C---24-19 is known to be “bad” by well-versed players due to the bind, but narrow draws do exist. Continue: 11-16 (4-8 19-15 7-10 27-24 draws) 18-15 4-8 28-24 7-10 15-11* (instead of 22-18 and Ryan’s “Pickle Barrel trap” given in Solid Checkers) 8x15 23-18 14x23 27x11 16x23 26x19 20x27 31x24 10-15 draws, Wyllie-Barker, 1882, from 11-16 24-19 8-11 opening.

D---See diagram prior to 4-8. There are three established options here, with 7-10 (Var. 1) being best for black, and a review of the OCA database reveals the majority of these games have resulted in black wins. The 4-8 played here has historically favored white. The third option is 9-13 (Var. 2), as given in Basic Checkers Opening #116 trunk.

E---Well played by Alan, leaving black to use care to draw. 24-19 instead is wanted, then 7-10 leads to the “bad stuff” for white in Var. 1.

F---See diagram prior to 6-10. Not 14-18? 23x14 9x18 21-17* (instead of 26-23 3-7 23-14 6-10 draw, Gonotsky-Lieber, 1928) 2-7 26-23 6-9 23x14 9x18 30-26 1-6 26-23 12-16 23x14 7-10 14x7 3x19 25-21* 5-9 22-18 9-13 17-14 13-17 18-15 17-22 21-17 22-26 17-13 8-12 27-24 20x27 32x23 26-31 23-18 31-26 14-9 26-23 9x2 23x14 15-10 WW, J. Hanson.

G---Leads to a quiet draw, likely unpublished. (And any quiet draw for an “average” player against a world champ is a good one!) The usual press is with 23-18 14x23 27x18 9-13 18-14 10x17 21x14 2-6 22-18 6-10 14x7 3x10 26-23 8-11 23-19 20-24* 19-16 11x20 28x19 to a draw, Rubin-Hunt 1934 Am. Ty., from 12-16 22-18 16-19 opening.

Var. 1 7-10 24-19---1A 4-8 27-24---1B 20x27 31x24 9-13 (2-7 also strong) 24-20 3-7 25-22 5-9 30-25!---1C 1-5 22-18 14-17 21x14 10x17 19-16 12x19 23x16 17-21 16-12 21x30 12x3 30x14 3x1 to a strong black ending, but probable draw. RCB.

1A---Very weak, now that the draws of note C have been bypassed. White should play the 25-22 10-19 23-16 pp draw.

1B---Basic Checkers also mentions 26-22 and 23-18, but both are given to lose. The 27-24 is the best bet to draw, although the line should be avoided altogether.

1C---Instead of 22-18 or 32-27 in BC, Op 116 note F1.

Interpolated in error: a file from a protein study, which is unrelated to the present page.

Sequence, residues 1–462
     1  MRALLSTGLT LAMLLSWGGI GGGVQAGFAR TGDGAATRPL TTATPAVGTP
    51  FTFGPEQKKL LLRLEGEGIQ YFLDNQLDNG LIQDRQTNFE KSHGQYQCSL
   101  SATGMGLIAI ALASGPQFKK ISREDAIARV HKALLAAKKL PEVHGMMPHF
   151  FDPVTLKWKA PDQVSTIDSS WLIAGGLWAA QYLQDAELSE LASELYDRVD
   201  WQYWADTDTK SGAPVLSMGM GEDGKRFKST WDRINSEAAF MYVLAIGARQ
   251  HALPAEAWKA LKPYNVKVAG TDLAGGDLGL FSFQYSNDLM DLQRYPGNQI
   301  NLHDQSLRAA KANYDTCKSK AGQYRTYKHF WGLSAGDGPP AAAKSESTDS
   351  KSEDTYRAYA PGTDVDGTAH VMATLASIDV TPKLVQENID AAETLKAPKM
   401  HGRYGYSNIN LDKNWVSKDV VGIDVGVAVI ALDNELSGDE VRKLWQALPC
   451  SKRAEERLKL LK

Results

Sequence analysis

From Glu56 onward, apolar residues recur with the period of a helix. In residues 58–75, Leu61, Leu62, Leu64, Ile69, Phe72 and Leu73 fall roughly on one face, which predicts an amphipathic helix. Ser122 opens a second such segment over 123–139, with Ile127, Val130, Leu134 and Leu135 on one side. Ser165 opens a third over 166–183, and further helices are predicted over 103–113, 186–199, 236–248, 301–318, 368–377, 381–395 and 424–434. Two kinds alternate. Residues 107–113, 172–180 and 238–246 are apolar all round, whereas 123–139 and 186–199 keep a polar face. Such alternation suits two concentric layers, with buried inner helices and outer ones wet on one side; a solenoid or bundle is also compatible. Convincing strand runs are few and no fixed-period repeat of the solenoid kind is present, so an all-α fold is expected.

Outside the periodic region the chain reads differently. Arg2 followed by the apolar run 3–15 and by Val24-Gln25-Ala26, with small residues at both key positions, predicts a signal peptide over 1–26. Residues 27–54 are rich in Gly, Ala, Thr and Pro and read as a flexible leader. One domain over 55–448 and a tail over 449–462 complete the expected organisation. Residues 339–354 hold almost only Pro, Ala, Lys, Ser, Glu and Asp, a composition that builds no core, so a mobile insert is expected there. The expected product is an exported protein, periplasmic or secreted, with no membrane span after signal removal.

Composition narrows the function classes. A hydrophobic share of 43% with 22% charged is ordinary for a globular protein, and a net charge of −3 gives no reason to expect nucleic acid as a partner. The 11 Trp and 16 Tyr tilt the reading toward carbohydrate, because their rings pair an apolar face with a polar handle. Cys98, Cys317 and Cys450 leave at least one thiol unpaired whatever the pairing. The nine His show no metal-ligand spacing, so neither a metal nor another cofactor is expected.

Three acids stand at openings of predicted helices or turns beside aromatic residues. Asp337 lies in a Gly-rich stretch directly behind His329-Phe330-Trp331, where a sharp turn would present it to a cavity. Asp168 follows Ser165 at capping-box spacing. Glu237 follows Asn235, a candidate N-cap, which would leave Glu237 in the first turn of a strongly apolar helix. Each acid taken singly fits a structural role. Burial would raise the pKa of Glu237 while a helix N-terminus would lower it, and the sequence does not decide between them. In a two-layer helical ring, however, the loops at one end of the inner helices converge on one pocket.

Var. 2 9-13 26-22---2A 5-9---2B 22-18---2C 7-10 30-26*---2D 10x19 24x15 3-7 25-22 7-10 15-11 12-16---2E 22-17 13x22 26x17 16-19 23x16 14x23 27x18 10-14 17x10 6x22 11-7 Drawn. RCB.

2A---Or 24-19 4-8 28-24 as in BC, Op #116 trunk.

2B---Or 13-17 & 6-9 draws, which may be best if the upcoming 30-26 improvement is feared.

2C---31-26? 7-10 22-18 10x19 24x15 3-7 25-22 (starred in BC, but appears to lose given upcoming correction) 7-10 23-19 14x23 27x18 10-14 26-23 20-24 15-10 6x15 18x11 24-27 19-15 13-17* (correcting 1-5 to draw in BC) 22x6 1x26 30x23 12-16 28-24 27-31 24-19 16-20 19-16 31-27 BW. RCB.

2D---Avoiding 31-26 and back into the previous note. White is now better after 30-26.

2E---10-15 28-24 12-16 24-19 15x24 18-15 16-19* 23x16 14-18 15-10 18x25 32-28 6x15 28x10 25-30 26-23 2-6* 10-7 6-10 7-2 10-14 2-7 1-5 16-12 30-26 31x22 14-17 21x14 9x25 Drawn. RCB.

And now, as a special bonus for those of our readers who have come this far, we present a game in which we know Mr. Millhone takes great pride; a game in which he made a draw against the greatest checker player of all time, Dr. Marion Tinsley.

Black: Marion Tinsley
White: Alan Millhone

11-15 23-18 8-11 26-23 10-14 30-26 6-10 24-19 15x24 27x20 2-6 28-24 10-15 32-28 7-10 22-17 15x22 25x18 10-15 17x10 15x22 26x17 6x15 29-25 9-13 17-14 15-18 24-19 18x27 31x24 3-7 25-22 1-6 19-16 12x19 24x8 4x11 22-18 13-17 28-24 6-10 24-19 17-22 21-17 22-26 17-13 10x17 19-15---A Drawn.

A---The only move to draw, and a fitting conclusion to a game played without even the smallest of errors.

Mr. Millhone modestly calls himself "an average player" but these games show that if this is "average" play, wouldn't we all like to be "average" ourselves!



10/14/06 - Category: Games - Printer friendly version
You can email the Webmaster with comments on this article.